Below is a list of Wake Forest alumni and students who did not
graduate who taught at one time or another in the schools, both
private and public, of North Carolina. While there are necessarily
many omissions, the list numbers about five hundred. In the Wake
Forest Quarterly Bulletin for June, 1900, President Charles E. Taylor
has this statement:
"Nearly four thousand men have been students at the College. It
would probably be within safe limits to estimate that at least fifteen
hundred of these have been teachers for a longer or shorter period and
that five hundred have made teaching their life work. One hundred
and forty-two have been principals of academies in the Southern and
Western States, sixty-five have been professors in first-class colleges,
and fourteen have been college presidents."
These figures would indicate that 40 per cent of those who had at-
tended Wake Forest before 1900 had taught at some time. This
estimate is doubtless much too high. Before the Civil War there were
only 117 graduates, of whom not more than thirty have any record as
teachers. Of the 970 other students before 1865 very few taught. After
the Civil War for many years few came to the College to equip
themselves as teachers; great numbers remained only a year or two
and returned home to engage in business or farming. This continued
until as late as 1880. Afterwards there was a greater call for teachers
and more both of the graduates and undergraduates were going to the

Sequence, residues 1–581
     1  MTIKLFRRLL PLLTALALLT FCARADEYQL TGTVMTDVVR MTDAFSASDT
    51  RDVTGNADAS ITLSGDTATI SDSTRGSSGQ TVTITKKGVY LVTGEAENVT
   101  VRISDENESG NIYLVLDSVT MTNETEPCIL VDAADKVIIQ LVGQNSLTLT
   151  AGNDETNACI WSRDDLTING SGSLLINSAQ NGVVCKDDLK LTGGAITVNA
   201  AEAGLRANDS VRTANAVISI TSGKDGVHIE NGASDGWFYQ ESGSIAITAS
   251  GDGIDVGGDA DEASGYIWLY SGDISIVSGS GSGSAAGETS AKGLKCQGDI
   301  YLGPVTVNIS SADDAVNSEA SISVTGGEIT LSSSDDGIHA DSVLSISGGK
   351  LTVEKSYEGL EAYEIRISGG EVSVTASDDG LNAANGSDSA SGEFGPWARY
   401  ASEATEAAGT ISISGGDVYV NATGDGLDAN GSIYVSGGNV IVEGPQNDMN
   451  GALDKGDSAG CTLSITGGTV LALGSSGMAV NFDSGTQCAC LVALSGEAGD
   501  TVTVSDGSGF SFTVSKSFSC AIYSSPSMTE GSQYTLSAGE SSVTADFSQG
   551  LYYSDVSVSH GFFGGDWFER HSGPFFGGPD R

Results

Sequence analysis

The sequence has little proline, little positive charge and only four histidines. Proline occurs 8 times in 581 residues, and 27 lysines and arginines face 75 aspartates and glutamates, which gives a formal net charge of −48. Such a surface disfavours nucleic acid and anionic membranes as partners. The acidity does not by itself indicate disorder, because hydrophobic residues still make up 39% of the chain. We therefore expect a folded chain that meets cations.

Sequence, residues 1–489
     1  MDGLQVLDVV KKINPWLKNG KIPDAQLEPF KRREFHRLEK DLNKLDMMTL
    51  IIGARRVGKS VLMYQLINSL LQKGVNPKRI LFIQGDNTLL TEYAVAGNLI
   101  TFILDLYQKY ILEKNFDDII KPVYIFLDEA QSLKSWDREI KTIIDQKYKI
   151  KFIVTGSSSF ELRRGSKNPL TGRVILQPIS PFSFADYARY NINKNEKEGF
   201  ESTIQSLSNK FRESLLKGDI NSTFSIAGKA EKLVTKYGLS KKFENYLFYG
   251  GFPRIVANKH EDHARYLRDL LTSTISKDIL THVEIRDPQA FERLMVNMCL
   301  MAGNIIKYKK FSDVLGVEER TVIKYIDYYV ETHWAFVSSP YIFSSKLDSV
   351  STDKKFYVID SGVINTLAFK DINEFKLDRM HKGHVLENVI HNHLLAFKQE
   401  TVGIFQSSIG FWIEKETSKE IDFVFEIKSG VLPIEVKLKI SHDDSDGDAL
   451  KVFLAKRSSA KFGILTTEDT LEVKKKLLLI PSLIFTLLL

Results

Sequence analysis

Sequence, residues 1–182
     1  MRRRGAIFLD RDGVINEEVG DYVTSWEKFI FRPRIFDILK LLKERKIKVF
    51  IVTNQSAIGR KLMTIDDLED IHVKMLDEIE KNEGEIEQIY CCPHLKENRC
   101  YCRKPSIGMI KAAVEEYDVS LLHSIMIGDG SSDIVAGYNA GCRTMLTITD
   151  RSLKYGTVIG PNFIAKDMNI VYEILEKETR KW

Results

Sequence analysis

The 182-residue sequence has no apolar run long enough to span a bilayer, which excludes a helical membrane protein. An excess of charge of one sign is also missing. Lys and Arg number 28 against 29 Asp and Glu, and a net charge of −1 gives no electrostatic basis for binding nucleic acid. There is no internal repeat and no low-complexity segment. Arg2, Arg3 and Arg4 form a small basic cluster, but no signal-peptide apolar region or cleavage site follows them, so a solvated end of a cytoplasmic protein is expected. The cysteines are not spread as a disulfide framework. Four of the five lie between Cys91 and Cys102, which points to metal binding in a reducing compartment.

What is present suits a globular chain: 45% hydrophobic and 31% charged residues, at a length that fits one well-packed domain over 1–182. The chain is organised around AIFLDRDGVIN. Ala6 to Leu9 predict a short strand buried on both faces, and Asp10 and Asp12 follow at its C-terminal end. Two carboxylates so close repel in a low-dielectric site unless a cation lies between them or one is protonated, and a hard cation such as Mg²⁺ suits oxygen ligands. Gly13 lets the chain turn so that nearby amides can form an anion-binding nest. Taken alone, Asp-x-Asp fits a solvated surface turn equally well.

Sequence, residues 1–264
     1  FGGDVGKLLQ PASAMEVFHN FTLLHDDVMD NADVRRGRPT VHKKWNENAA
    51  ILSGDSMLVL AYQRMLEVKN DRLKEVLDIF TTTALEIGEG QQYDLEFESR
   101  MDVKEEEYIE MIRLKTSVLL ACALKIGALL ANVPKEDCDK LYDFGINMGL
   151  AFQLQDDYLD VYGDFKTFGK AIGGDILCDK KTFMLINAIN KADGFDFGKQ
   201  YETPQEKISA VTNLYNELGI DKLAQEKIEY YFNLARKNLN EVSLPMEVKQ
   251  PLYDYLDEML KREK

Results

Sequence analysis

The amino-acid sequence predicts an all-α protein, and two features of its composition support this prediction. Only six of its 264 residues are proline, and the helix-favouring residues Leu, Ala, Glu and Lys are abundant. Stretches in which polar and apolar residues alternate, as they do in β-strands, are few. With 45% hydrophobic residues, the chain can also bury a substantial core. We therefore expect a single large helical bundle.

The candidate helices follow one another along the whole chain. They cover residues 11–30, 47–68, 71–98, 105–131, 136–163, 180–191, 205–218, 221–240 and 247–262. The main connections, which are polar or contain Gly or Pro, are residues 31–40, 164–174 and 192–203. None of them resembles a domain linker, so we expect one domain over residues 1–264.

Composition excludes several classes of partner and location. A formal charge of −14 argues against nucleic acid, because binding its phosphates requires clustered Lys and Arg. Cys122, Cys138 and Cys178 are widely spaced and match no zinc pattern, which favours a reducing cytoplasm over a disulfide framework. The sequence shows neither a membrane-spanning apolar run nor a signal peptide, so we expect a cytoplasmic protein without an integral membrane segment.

schools; but at this time the rural public schools ran only a few weeks
and the salaries of teachers in them were too small to be attractive to
men with college training; and for some reason, as President Taylor
observed, very few Wake Forest men got places in the city schools. It
was mostly as principals of academies that the teachers among them
labored. Dr. Taylor had counted only 142 of these in 1900; there were
more in 1905; but the teachers of all grades who had been trained in
the College before 1905 hardly numbered more than 500.
In the following list no effort has been made to name all the schools
in which the teachers named taught, but a fuller account is given of
the more important of them in the text.
Adams, J. Q., Jr., 1901, Assistant in Morson and Denson's Raleigh
Academy; Adams, M. A., 1902, Mt. Moriah, Auburn; Adams, W. D.,
1901-02, Matthews; Albritton, J. T., 1865, Mt. Olive, Principal;
Alderman, J. E., 1892, Autryville; 1894, Baptist Orphanage;
Alderman, J. M. 1906, Dell School; Alderman, J. T., 1880-82,
Sampson County;
Previous Page Next Page